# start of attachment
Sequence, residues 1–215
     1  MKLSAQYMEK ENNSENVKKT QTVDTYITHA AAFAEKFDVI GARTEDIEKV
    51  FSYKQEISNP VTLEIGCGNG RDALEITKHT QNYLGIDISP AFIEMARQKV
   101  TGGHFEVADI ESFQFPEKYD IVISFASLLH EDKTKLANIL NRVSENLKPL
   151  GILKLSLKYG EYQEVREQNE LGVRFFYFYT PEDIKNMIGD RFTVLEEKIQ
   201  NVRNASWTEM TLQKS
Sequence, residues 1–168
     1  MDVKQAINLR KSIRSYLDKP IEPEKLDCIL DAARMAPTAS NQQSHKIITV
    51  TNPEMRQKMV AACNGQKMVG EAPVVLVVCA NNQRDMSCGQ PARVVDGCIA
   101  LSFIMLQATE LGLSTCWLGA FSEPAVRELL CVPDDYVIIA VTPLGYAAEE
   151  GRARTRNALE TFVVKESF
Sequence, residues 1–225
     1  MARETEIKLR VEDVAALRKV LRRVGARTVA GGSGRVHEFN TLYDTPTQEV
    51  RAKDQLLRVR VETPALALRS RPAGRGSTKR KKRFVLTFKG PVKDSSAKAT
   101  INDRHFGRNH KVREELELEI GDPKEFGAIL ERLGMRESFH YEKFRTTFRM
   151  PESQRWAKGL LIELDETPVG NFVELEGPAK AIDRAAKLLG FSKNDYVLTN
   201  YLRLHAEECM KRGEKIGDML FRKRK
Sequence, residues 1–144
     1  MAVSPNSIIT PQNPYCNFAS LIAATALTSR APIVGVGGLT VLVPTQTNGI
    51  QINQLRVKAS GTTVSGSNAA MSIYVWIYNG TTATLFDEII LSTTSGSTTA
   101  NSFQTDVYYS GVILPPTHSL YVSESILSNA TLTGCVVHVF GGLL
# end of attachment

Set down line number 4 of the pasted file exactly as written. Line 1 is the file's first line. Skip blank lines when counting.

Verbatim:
   101  TGGHFEVADI ESFQFPEKYD IVISFASLLH EDKTKLANIL NRVSENLKPL